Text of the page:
Crucifixion & Creation

This year Easter is sandwiched between Crucifixion and Creation. The Friday before Easter, as always, is Good Friday – the day we remember the crucifixion of God, the rending of the Divine Love of the Holy Trinity, as the Son cries out to the Father, “My God, My God, why have you forsaken me.” This year, the Monday after Easter is Earth Day. As Christians, this day calls for us to consider the suffering of God that happens as a result of the destruction of the gracious works of God – the creation itself. There is a juxtaposition of the suffering of the person of God and the suffering of the works of God on either side of the promise of life.

dali st john crossJohn’s gospel tells us of “the Word” that exists before all things, that created all things. Jesus is “The Word made flesh” and on Good Friday is nailed to a cross (John 1:14). Through that same “Word made flesh” John says, “All things came into being through him, and without him not one thing came into being.” (John 1:3) When creation is degraded and destroyed by over-consumption, greed, addiction to comfort or whatever, the works of Christ are destroyed.

It is pretty easy for me to delude myself into thinking that I had (or have) no role in the crucifixion of Jesus; that it was “those” ancient people who were too afraid, too comfortable, to uninformed, too busy, too self-absorbed to choose God over Caesar. Yet, I wonder if today it isn’t all those same things that keep us from caring for the earth, tending God’s works – we are just “too” – something. It seems to me you can kill someone off either by killing their body or destroying their work. Maybe that is true of God as well. Nailing Christ to the cross and filling the oceans with plastic, the air with dirt, the ground with pesticides is all the same thing – sin. And it all causes God to suffer at our hands.

The Resurrection tells us that God will not be so easily removed from the human condition; God will not give up on this sorry human project; that humanity does not get the final word – that belongs to God; it is God. In the promise of resurrection, we find a God willing to forgive even divinicide. A crucified God will not stay dead!

What of the degradation of creation? We must never give in to despair because God’s promise to “make all things new” (Revelation 21:5) is grounded in the resurrection itself. That is not a license to sit idly by and wait for God to do something, nor a free pass from the consequences of assaulting our neighbor – the creation. The judgment for our destructive bent toward all life is perhaps inevitable. Joseph Sittler, a prophetic Lutheran voice in the care of creation said, “The reprisals of God’s creation against its abuse may be slow and invisible for generations, but God is just. Sooner or later nature reacts against its exploitation.” He said that in the 1960’s – I’m not sure things are so slow and invisible today. There will be suffering as a result of our actions, and many -perhaps most – will suffer.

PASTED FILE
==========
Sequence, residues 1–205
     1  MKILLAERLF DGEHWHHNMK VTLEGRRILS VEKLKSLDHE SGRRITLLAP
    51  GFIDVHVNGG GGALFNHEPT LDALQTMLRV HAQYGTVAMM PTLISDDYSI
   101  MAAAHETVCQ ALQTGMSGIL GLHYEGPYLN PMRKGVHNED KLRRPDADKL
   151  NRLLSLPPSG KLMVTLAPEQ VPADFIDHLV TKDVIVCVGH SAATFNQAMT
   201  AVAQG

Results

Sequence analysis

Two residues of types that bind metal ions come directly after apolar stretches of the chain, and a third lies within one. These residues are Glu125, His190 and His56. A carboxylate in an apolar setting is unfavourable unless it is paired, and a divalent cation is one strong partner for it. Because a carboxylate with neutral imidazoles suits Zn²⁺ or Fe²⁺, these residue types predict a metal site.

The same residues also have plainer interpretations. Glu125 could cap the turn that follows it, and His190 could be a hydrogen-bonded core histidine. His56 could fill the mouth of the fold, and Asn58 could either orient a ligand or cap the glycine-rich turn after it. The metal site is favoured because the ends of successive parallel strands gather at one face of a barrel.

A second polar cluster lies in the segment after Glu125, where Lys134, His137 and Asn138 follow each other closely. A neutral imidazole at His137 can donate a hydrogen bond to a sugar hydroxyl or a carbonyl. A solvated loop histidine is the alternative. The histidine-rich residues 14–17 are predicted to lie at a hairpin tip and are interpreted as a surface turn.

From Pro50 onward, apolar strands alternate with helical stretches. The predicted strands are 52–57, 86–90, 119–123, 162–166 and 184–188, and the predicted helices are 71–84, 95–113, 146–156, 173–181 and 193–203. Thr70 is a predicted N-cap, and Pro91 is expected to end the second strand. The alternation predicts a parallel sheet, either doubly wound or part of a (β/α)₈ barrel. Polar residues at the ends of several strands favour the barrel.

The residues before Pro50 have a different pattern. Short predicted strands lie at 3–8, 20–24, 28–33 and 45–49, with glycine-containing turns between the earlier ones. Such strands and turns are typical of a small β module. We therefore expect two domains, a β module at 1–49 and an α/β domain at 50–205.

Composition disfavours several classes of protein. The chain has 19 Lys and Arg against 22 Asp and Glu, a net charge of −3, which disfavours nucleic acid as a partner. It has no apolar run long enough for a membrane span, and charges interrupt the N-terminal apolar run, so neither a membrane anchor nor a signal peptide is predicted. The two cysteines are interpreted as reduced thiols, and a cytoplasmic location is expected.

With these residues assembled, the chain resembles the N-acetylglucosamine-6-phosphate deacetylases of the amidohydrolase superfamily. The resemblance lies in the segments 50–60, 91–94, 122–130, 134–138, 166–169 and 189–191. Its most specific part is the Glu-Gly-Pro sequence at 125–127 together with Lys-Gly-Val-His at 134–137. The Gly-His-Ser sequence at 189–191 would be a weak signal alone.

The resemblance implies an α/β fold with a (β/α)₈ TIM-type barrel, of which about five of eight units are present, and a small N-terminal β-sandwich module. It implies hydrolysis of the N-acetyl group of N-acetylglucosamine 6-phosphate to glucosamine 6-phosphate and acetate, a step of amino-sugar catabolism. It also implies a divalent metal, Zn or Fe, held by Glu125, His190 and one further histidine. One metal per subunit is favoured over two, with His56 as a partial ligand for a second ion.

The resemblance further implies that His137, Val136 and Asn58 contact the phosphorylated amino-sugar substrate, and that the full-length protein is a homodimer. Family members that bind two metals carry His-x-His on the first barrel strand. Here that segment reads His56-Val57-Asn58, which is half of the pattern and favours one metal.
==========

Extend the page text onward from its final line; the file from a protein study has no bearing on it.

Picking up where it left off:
As we stand looking upon the crucified body of Jesus and listen deeply to the groaning creation (Romans 8:22) as it longs for redemption, we can make a new beginning in hope; hope grounded in a God who suffers with us and because of us and then shows us the love of resurrection. Sittler again: “God’s creations in the world are his voice, appealing to you and to me not only to join all people of good will in doing what intelligent things we ought to do about the creation, but one thing especially: to love the world and care for it to the glory of God.”

Pax Christi, Tim Olson – Lead Pastor

Joseph Sittler quotes are from The Eloquence of Grace:Joseph Sittler and the Preaching Life, ed. James Childs and Richard Lischer, Cascade Books, October 2012 – Kindle Edition (p 78 & 82)

copyright © 2019, Holy Trinity Lutheran Church

Living in a Loving Community

“Let love be genuine; hate what is evil, hold fast to what is good; love one another with mutual affection…rejoice with those who rejoice, weep with those who weep.  Live in harmony with one another; do not be haughty, but associate with the lowly; so not to claim to be wiser than you are.” – Romans 12:9, 15-16.

Paper chain neighborhood and familyThese words of Paul give us pause to contemplate our relationship with God, creation and each other this Lent.  Paul is describing the marks of a follower of Jesus, and I feel convicted.  Following Jesus is a matter of living life connected to each other; those with whom we worship, those in our neighborhoods and families and those across the oceans from us.  Our connection is made obvious in worship when we begin by turning to those on the other side of the aisle from us and confess along with everyone else, “that I have sinned by my own fault in thought, word and deed.”  I have sinned.  I am not surprised, but now I am thinking about it, and what that means. I have to take responsibility and realize that my actions or inactions have hurt another, that my actions or inactions have hurt creation, and that my sinful actions or inactions make God weep.